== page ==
Another article my sister wrote

Friday, July 25, 2008

The big kid

It’s a picture that will live in my mind forever: Frank walking down the road at Brookfield Zoo, his 4-year-cousin Skylar holding one hand and his 2-year-old cousin Billy holding the other.

Frank, who looks small in relation to Caroline, and is smaller than most boys his age, towers over his much-younger cousins, and he relished the role of being their leader and protector.

Due to a variety of circumstances, the planned zoo trip between our two families ended up including just Frank and me along with my sister and her three children, Skylar being the oldest.

So when she and Billy asked to get out of their stroller, we told Frank he would have to help us keep an eye on them. We piled bags into the stroller seats and pushed it, while my sister carried 5-month-old Zoe in a sling, and watched Frank take charge.

When we came a playground marked as most appropriate for children ages 2-5, Frank hung back and watched his cousins play. When we went into a building, he held the doors. When we went for food, he stood in line with me and helped me carry it back to the table.

Usually, when it’s just our family, Frank is the little guy, the one we try to make sure doesn’t get lost, the one who still holds our hands the parking lots, the one who can’t always see everything.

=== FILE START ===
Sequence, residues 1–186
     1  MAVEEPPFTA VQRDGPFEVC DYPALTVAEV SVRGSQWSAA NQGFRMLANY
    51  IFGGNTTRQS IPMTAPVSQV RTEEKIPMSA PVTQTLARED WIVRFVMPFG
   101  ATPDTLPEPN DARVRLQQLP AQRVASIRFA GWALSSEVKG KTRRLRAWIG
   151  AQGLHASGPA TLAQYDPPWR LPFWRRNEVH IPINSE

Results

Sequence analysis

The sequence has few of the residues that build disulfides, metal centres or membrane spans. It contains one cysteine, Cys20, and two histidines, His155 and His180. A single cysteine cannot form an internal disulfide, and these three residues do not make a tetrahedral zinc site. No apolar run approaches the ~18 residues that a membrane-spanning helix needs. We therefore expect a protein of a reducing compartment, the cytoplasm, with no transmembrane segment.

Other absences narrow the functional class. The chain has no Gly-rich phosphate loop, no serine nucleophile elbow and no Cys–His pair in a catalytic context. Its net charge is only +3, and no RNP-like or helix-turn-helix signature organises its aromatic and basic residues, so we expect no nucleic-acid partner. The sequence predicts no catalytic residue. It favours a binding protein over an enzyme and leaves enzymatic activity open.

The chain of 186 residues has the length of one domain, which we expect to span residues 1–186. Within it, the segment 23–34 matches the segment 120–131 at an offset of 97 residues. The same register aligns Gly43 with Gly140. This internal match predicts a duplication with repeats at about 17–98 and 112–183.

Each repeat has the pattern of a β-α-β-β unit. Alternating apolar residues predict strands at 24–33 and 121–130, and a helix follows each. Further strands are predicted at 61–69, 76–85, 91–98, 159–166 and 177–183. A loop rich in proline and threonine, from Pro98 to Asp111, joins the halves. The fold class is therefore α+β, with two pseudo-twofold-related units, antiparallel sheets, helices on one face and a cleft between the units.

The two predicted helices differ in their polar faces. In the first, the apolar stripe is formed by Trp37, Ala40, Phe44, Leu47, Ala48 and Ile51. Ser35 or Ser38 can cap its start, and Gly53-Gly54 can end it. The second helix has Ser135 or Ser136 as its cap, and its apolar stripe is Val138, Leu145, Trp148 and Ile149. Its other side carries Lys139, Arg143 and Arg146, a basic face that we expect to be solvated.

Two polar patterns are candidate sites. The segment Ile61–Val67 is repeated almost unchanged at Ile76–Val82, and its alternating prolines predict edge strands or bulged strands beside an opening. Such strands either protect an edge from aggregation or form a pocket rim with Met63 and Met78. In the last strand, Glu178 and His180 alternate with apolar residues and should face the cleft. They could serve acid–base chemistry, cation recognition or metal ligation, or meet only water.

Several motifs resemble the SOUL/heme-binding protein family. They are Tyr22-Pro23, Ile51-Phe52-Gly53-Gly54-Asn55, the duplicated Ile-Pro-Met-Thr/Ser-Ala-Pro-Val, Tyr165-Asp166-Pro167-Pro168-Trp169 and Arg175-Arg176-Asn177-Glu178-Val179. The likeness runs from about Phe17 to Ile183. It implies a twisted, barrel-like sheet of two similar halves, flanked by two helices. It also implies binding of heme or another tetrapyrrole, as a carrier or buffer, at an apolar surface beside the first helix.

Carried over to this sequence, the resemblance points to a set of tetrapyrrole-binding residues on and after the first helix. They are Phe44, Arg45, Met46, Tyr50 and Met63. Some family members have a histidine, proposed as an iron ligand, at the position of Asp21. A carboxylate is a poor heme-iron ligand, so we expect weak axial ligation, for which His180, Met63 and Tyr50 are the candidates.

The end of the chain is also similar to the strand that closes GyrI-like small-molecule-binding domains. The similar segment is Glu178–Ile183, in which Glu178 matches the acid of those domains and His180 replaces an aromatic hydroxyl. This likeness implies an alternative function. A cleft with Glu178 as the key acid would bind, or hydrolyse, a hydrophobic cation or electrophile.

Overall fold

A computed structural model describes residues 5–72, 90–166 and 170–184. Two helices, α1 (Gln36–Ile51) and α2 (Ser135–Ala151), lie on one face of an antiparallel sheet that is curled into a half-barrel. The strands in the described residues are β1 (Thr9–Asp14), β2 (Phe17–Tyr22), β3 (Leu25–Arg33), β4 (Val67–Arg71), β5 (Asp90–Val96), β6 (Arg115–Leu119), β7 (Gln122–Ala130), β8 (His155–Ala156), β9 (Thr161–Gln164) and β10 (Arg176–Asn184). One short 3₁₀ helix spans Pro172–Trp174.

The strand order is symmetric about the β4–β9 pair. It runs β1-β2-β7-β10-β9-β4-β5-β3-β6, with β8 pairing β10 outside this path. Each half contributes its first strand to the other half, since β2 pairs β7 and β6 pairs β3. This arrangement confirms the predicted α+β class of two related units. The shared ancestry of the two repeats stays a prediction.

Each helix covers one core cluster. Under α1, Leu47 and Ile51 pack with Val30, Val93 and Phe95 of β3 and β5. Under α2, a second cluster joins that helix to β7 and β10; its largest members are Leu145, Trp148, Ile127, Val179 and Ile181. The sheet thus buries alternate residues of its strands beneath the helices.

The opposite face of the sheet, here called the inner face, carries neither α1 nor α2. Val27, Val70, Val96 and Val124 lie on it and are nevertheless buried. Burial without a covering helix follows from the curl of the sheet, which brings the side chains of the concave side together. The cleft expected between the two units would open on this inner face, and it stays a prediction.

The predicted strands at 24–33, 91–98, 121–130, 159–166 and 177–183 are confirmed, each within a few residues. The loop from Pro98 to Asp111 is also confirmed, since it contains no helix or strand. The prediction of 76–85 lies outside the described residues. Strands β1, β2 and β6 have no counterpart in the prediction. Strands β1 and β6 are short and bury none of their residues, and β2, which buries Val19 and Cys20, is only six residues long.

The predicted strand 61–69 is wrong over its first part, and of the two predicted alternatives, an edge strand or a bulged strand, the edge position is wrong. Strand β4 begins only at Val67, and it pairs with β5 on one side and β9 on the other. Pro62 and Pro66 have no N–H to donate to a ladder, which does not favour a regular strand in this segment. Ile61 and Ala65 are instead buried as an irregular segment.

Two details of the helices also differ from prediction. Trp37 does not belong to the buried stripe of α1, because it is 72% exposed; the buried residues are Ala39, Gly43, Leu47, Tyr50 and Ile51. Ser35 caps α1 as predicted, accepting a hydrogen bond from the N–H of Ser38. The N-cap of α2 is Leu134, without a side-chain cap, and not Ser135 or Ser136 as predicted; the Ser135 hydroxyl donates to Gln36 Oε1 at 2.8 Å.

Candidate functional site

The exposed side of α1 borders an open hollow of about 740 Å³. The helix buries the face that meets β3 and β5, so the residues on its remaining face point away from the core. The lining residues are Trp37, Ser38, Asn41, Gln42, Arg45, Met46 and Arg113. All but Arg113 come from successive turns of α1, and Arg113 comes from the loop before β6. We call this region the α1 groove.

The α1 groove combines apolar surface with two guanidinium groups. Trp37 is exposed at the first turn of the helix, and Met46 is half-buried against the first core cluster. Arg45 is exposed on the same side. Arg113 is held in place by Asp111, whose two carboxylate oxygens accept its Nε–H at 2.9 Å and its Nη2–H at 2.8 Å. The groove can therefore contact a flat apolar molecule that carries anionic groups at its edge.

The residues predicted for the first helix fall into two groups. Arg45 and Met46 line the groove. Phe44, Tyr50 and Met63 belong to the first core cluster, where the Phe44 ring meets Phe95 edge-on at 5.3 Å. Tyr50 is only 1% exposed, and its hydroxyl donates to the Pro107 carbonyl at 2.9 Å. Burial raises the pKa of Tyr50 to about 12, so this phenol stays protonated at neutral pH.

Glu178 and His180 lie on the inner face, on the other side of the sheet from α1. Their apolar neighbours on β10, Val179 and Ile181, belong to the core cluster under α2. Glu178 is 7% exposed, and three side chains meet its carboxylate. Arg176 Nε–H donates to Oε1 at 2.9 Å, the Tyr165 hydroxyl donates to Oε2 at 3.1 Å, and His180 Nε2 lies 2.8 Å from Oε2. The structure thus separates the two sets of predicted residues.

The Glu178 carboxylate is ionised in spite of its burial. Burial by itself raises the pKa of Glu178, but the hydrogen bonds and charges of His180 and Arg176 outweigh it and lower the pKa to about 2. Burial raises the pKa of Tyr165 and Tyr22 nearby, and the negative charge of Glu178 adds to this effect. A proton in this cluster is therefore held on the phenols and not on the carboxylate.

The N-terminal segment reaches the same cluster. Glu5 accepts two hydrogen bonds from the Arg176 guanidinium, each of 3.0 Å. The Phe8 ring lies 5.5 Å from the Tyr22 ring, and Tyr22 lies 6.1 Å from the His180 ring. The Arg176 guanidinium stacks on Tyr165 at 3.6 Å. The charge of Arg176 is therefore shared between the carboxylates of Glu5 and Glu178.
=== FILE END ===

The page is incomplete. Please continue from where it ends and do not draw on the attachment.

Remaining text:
Caroline, with her 10-year-old sophistication, can be a great big sister, sparking Frank’s imagination with games involving their stuffed animals, or comforting him when he’s upset. But she likes to tell him how things are, or at least, how she perceives them to be. And she perceives herself to be the leader.

That’s good for her, but Frank needs chances to be the leader, too — and not just to lead his parents around, because he knows we’re humoring him.

His younger cousins aren’t humoring him when they take his hands so they won’t get lost. They’re just trusting him to know what he’s doing.

And when he has to, he does. He stayed close to us, asked which way to go when he didn’t know. He told Skylar when she climbed too high on the barriers, and told us when she didn’t climb down. He stopped running around and came to see what he could do when Billy fell and hurt his knee.

He didn’t whine or complain once. He liked the chance to be the big kid.

That’s not to say he always wants to be the big kid. He still likes to cuddle on our laps and to hug his stuffed animals.

Caroline sometimes says she’d like to be little again, with not so much pressure and responsibility. Her pressures — mostly selfimposed — are real to her, even if they’re not the kind that come with a mortgage and kids to feed.

But I don’t think she’d want to trade places with Frank permanently. Maybe just take a walk in his shoes every once in a while. Just like he got to.


Post a Comment